“The American system, democracy, is the only way to go. But sometimes the American government forces themselves on people that are not ready. We have the American customs and we have our own culture, so you have a government on Saipan that’s trying to work under the American system; but yet, on the other hand, you have a culture that’s trying to tolerate the American system.

"And it’s going to be years and years. It’s not this generation that’s coming up next and it won’t be the next generation. It’ll be three generations from me that’s going to actually open this Commonwealth as ‘the real America’.”


American Flag

The American flag flies over the Carolinian Affairs office.



Modernization: urban landscape on the edge of Tanapag.



“I tend to keep my mouth shut nowadays more than ever, because I started out very strongly, before the whole political change came about, against the whole development. Because like I was saying back then and I keep saying today, we are not ready. And they often ask me, ‘And when are we going to be ready?’

"And I always tell them, only time will tell. At least wait for those kids to come out from colleges, then maybe we should start pursuing the change.”





“I just hope there’ll be more people and more agencies supporting every aspect of the culture, so that we can adapt with the change and still retain whatever culturally identifies us for the future generations, for them to know where they come from and how our life has been way back in time. I really hope that our government sees that as a priority, and I really hope that, first and foremost, the people realize that.

“You have to link with your past. If you don’t have that knowledge, you’re going to have a hard time identifying yourself: who you are, where you come from, how you came to be where you are right now. Imagine a person doesn’t know anything about their past or their cultural identity, not even how to cook certain things or food or anything like that. You have to link with your past culturally: the traditions, the heritage, the knowledge, the language, all the things that a group of people once were practicing.

“It’s modernization that loses your culture. It’s modernization that changes things rapidly to the point where the past is forgotten. It’s nice to go from one place to another using an airplane, but you still should know how our ancestors came to that small island.”




"I think Tanapag is one of the very few villages on Saipan that still has these very strong family ties. It’s a small community with only a few family names—Sablan, Kapileo, Taitano, Teigita or Iguel, for example—but big extended families. There are a lot of us. And it has long been practiced, from our early ancestors down, that we would rather stay together, stick together.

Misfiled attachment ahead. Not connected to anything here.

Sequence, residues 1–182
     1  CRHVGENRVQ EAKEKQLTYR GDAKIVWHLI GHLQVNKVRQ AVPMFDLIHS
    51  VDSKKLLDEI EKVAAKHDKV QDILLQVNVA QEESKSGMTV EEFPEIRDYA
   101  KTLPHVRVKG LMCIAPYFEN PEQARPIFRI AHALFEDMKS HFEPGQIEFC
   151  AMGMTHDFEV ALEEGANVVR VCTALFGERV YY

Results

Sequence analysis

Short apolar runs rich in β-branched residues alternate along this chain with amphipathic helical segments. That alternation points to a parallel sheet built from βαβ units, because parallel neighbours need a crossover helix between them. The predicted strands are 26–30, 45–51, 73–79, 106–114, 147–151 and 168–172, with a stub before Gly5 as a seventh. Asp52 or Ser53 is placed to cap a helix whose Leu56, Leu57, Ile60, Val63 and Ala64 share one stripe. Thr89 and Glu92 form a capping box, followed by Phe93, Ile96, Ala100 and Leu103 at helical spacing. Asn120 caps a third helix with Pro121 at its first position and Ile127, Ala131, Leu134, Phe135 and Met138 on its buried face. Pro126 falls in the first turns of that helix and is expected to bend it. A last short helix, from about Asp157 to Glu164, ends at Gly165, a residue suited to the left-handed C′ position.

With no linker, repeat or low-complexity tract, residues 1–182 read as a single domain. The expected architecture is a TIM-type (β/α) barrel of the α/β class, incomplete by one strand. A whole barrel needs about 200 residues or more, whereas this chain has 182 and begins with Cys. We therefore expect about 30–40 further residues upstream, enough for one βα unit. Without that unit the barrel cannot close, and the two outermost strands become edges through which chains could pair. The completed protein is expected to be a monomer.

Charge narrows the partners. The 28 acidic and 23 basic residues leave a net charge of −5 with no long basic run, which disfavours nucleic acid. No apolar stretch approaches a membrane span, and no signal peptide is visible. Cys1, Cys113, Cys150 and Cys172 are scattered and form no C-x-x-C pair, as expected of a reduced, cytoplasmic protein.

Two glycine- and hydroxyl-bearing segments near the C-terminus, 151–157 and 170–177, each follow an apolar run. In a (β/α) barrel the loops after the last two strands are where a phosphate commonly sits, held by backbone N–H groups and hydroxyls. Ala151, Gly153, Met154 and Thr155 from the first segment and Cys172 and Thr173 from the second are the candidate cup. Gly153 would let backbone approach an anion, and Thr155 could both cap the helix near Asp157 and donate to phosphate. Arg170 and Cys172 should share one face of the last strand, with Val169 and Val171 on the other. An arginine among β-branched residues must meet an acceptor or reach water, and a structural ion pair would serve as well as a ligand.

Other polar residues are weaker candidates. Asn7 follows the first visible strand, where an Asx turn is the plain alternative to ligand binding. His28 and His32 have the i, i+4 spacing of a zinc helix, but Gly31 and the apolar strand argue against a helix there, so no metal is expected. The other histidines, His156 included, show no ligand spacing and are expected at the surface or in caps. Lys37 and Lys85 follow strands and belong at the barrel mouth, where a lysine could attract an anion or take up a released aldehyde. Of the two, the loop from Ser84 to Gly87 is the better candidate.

“Other villages are now mixtures of different ethnic groups or families. But Tanapag is still the same. It’s a village where you find the same families who have been here from the beginning until now. And it is also a fishing village; that has been practiced since the beginning, and that tradition has been passed on from generation after generation and is still in existence today.”


Chamorro Dancing

Chamorro dancing. Photograph courtesy of Robert H. Hunter.


Carolinian Dancing

Tanapag Men Stick Dancers. Photograph courtesy of Tanapag Elementary School, photographer unknown.



“I would like to encourage the future generations to be serious about looking back, and to try to bring back the very rich culture. Maybe not all of it, but one cultural aspect in the village that is very rich and must be protected is the unity of the people--regardless of whether people are actually relatives or not. Because when I was growing up, regardless of whether you were a relative or not, if you were a member of this community, and you had work that needed to be done, people from the community would just go there and help.

And back then I realized that I could sleep anywhere without my doors being locked, and know deep down in my heart that I’m safe."




Sunset off Tanapag.


"If we can only bring that back. We’re trying now. We are going to continue to try. How successful we are going to be, I don’t know, but we started seeing a lot of change, and we will continue to make these changes. So my message to the community, and to the young generation, is to try to maintain the close-knit society. It is a very rich and very important part of life.”

Thanks to all our guides, and best wishes on your journey.

Adios, asta ki umali'e' hit ta'lo!

Ulee ló!